Friday, 13 September 2019

New Motorsport Week article: Why we shouldn’t write off Sebastian Vettel yet

How exactly could the Italian Grand Prix have gone worse for Sebastian Vettel?

Photo: Octane Photography
The fact that you have to think underlines just how regrettable it was for him.

And ever since, his time at Ferrari, perhaps even in F1, has been declared roundly as akin to the man slung over his associate's shoulder in Monty Python and the Holy Grail. Either dead, or it'll be dead very soon as it's very ill.

But, ever the contrarian, I wonder if we're being premature. There remains a possibility that Vettel can recover. Although, for a few reasons, it'll be difficult.

And in my latest for Motorsport Week I explore what might lie next for Vettel. For good and ill. You can have a read here: https://www.motorsportweek.com/news/id/24403

Tuesday, 10 September 2019

Leclerc and Verstappen are the Future of F1, by Nancy Miles

Let's all be frank – Formula 1 has turned boring in the past few years. Mercedes' dominance is great news for fans of the German manufacturer, but to be honest, its superiority has made F1 stale. There's obviously need for changes in order to make the championship more competitive. Sure, Michael Schumacher was dominant in the past with Ferrari, but now with five consecutive title doubles Mercedes is surpassing even that run. On the positive side of things, at least we've been blessed with the brightest young stars the championship has seen in over a decade – Max Verstappen and Charles Leclerc.

Photo: Octane Photography
Verstappen, a Red Bull driver who won the Austrian and German Grands Prix recently, has been brimming with potential for a few years. Racing is in the 21-year-old Dutch driver's veins – he's the son of former F1 pilot Jos Verstappen. The youngest driver to compete in F1, Max Verstappen has been growing with each race and season. He's also the youngest race winner after claiming the 2016 Spanish Grand Prix when he was only 18.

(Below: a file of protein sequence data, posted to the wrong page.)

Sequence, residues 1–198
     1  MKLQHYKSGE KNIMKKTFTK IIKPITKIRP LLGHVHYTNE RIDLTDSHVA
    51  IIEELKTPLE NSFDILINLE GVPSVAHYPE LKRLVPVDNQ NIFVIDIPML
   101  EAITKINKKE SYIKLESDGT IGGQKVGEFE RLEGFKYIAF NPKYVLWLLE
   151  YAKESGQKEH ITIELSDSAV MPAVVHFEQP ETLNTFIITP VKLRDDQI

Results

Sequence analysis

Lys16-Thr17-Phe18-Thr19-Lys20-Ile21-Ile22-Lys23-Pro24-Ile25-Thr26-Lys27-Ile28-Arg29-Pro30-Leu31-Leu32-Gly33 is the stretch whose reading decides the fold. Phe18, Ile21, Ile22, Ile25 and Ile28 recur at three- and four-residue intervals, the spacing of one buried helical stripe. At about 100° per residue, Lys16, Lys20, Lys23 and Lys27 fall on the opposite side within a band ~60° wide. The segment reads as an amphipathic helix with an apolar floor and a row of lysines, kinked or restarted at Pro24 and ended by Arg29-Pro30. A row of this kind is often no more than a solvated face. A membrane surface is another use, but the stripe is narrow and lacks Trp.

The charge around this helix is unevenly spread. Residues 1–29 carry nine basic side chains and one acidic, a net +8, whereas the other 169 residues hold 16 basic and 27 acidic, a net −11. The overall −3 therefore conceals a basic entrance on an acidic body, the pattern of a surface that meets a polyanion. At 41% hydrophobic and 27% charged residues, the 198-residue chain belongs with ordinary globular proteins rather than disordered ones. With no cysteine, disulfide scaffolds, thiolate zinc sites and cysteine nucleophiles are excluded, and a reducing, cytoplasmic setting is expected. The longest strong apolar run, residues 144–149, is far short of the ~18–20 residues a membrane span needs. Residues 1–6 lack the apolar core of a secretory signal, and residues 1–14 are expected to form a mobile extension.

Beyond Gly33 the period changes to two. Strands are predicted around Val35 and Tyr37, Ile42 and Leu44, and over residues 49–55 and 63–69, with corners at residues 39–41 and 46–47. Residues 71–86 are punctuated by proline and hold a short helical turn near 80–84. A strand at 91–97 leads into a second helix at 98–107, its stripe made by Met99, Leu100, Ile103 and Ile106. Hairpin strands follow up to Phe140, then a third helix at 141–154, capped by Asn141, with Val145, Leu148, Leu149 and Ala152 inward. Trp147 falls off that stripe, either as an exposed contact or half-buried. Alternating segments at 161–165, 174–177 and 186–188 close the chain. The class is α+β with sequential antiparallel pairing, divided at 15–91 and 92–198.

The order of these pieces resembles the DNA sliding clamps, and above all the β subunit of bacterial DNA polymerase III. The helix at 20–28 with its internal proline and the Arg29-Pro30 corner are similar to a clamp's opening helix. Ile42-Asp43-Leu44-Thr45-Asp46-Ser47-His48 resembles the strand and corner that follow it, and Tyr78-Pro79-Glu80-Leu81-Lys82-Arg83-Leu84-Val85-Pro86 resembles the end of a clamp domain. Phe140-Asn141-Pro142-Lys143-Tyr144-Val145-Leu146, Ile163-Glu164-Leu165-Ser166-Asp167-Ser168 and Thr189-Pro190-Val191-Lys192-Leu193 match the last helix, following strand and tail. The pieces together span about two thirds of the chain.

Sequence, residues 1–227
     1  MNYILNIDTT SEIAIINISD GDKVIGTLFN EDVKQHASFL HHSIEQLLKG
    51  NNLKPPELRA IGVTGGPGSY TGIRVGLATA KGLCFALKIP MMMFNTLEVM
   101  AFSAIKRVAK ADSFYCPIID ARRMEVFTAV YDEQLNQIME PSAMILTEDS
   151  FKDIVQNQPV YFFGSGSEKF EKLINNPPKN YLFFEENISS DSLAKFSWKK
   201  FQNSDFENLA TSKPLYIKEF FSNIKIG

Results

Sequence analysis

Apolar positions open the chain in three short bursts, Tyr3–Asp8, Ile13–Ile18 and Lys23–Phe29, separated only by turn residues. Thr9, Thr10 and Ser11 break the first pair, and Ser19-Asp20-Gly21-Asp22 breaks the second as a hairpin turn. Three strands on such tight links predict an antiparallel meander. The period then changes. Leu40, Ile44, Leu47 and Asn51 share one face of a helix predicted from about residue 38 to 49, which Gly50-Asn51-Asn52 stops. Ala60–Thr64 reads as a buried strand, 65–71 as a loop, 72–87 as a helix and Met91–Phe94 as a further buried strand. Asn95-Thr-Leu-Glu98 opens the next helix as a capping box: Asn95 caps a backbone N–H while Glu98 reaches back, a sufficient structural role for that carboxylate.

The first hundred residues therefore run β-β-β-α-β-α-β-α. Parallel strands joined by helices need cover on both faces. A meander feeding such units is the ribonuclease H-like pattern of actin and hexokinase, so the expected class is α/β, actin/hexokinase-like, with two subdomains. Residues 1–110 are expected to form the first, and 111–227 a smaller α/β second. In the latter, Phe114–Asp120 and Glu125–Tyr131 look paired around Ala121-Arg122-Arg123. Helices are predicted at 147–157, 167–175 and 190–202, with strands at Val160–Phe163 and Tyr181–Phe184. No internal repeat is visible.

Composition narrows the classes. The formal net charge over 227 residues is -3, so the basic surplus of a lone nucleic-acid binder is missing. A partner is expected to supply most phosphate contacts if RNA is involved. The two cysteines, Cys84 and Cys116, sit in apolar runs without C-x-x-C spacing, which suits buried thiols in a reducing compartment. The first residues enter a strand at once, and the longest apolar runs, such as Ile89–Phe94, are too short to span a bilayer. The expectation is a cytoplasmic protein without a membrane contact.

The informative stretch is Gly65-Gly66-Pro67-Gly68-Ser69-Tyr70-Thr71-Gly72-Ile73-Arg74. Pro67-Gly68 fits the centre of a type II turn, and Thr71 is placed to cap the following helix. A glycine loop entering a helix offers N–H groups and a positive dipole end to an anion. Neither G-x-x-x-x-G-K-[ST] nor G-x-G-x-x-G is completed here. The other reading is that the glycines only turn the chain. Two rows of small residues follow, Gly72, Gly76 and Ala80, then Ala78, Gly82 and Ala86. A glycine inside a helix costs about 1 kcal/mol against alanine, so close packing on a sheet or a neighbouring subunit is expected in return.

With a pair of Austrian Grand Prix wins and a total of seven firsts in F1, Verstappen's odds at bookies have been constantly on the rise. Sure, his odds don't make him a major favourite for the title, but he's among the top four or five drivers. Verstappen may be lagging behind Lewis Hamilton, but is a much better option from a punter's point of view. Hamilton's odds are not very exciting @ 1/100, but Verstappen's (33/1), Sebastian Vettel's (150/1), and Leclerc's (175/1) look much better.

Thursday, 5 September 2019

Autosport retro article on the Arrows A2

In this week's Autosport magazine you'll find a four-page in-depth retro feature by me in the Engineering supplement, exploring the extraordinary Arrows A2 from 1979.

MPW57 [CC BY 3.0 (https://creativecommons.
org/licenses/by/3.0)]
The A2 wasn't big on results - but it was very big on ambition as well as in striking looks.

I speak to those who were there at the time - including designer Tony Southgate, team boss Jackie Oliver and driver Jochen Mass - to explore why the car didn't begin to make good on its lofty aim of taking Arrows to the front of Formula 1 in a single bound.

And with it I look at a not-entirely fanciful sliding doors moment the A2 created with Williams, which at the same point of history was launching into its dramatic rise.

1971 Italian Grand Prix review for Motor Sport Magazine

By Unknown - http://60years.autosport.com/?year=1971,
Public Domain, https://commons.wikimedia.org
/w/index.php?curid=29477842
My latest classic Formula 1 race retro review for Motor Sport Magazine is here. This time it's for this weekend's race, the Italian Grand Prix.

Of course, there is no shortage of Italian Grands Prix in history to pick from, and - in a unique level of ubiquity - all but one are at Monza. But one even so stands out. The 1971 race.